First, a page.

A sense of adventure and the need for freedom and spontaneity runs in our family, but my in-laws keep beating us to it.
While my husband, Russ, and I have been researching and scouting our overseas lifestyle options, with one more year to go (our youngest son graduates high school in 2018), Grandma and Grandpa plunged right in.
“While we were in Cancún for dental work, we explored down the coast…and we leased a condo for a year in Playa del Carmen,” says my mother-in-law, Judi Caldwell.
Impulsive for a Sunday drive in Mexico? Yes. But not surprising.
Ralph and Judi Caldwell are adventurers in their mid-70s, retired from the U.S. Navy. They recently closed up their house in Dahlonega, Georgia, parked their RV in Ocala, Florida, and caught a two-hour flight to Cancún. From there it was less than an hour to Playa del Carmen in a private taxi. Price, $50. They carried everything they needed for the year in two suitcases and two carry-on bags.
All-in for a new adventure.
Ralph says they are “living in Paradise.” They’re already in the process of arranging their residence visas and extending their lease.
The internationally diverse city, with a growing population of nearly 200,000, is a popular tourist and expat destination. It’s welcoming, clean and safe, with plenty of shopping, activities, transportation, and services. The climate is warm year-round, usually with a temperate breeze off the ocean. Since property owners can easily rent to higher-paying tourists most of the year, and places near the beach can be expensive, Playa del Carmen is not the cheapest expat area.
However, even paying $1,250 per month on a long-term lease for a two-bedroom, two-bathroom, fully-furnished condo, Judi says, “We would struggle to spend $2,000 a month here.”
Their condo is just two blocks from Playa del Carmen’s world-renowned La Quinta Avenida (Fifth Avenue); a three-mile pedestrian stretch of international shops, cafés, galleries, and restaurants. “There’s always something going on along La Quinta,” says Judi, “and the people-watching is fantastic.” They’ve discovered it is much easier, and cheaper, to dine out in Playa del Carmen, than to shop for groceries and make meals at home. It’s more fun, too, since it gets them out and about, meeting people in the community.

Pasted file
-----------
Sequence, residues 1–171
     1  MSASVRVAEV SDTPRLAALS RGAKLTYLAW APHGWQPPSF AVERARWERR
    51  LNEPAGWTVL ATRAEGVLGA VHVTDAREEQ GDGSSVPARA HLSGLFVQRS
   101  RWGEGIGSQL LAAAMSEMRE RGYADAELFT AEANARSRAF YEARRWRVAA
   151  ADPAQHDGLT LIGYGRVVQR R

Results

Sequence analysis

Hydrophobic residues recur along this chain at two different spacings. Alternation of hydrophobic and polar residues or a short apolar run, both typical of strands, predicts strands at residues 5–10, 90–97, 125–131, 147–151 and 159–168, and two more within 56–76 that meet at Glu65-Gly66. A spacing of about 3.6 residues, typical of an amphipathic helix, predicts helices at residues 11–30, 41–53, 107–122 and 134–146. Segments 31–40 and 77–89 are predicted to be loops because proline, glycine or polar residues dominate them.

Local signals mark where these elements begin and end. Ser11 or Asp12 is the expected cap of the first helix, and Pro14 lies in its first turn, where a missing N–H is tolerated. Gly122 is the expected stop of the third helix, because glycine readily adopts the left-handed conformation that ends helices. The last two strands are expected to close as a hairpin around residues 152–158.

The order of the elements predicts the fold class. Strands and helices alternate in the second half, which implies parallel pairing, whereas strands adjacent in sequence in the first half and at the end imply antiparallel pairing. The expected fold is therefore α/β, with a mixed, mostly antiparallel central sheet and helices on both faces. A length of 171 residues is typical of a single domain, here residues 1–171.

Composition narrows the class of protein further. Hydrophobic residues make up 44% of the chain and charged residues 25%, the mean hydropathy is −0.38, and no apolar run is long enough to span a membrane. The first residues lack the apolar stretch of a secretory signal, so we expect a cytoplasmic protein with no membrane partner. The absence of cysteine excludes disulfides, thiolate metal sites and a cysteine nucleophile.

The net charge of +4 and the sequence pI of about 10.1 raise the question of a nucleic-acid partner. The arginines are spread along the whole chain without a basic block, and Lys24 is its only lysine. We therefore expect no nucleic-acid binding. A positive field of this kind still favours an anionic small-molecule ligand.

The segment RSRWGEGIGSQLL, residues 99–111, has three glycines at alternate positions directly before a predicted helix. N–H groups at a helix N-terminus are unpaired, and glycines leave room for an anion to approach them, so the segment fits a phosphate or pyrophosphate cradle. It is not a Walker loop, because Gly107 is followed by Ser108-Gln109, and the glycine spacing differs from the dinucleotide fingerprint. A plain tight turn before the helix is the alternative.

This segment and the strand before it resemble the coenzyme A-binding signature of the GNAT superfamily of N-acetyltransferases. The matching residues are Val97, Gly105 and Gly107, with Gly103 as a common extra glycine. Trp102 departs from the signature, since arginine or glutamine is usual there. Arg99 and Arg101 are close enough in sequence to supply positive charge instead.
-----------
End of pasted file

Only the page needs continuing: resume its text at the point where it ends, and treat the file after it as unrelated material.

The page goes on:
They’ve discovered favorite brunch and dinner places around town, where they are becoming regulars. Full brunch, including fresh-baked croissants and seasonal, organic, farm-to-table ingredients, is around $10 for two. Dinner is usually a light meal for less than $20, unless they splurge on filet mignon with Chilean wine for $40 (that’s for two people, with leftovers for the next day).
They don’t have or need a car in Playa, since almost everything is within walking distance. Taxis are available 24/7 to go a few blocks or across town for less than $5. For longer journeys, there are shared vans called colectivos, or the public bus system, ADO. The buses are clean, comfortable, air-conditioned, and run on a regular schedule throughout the Riviera Maya, for less than $5 to Cancún or Tulúm.
Ralph and Judi instantly fell in love with the area, the people, and the more laidback lifestyle. They say it’s hot, but the on-shore breeze helps.
To combat the heat, they plan their days around the siesta hours of noon to 4 p.m. They enjoy reading and keeping up with the world online during their downtime. They look forward to exploring up and down the coast when the weather gets cooler.
Until then, every evening they go up to the rooftop patio and pool of their four-story building, and enjoy the expansive view of the colorful city, white sandy beaches, and vivid green palm trees rippling in the purple sunset. “Sin arrepentimientos (no regrets),” the happy couple assure.
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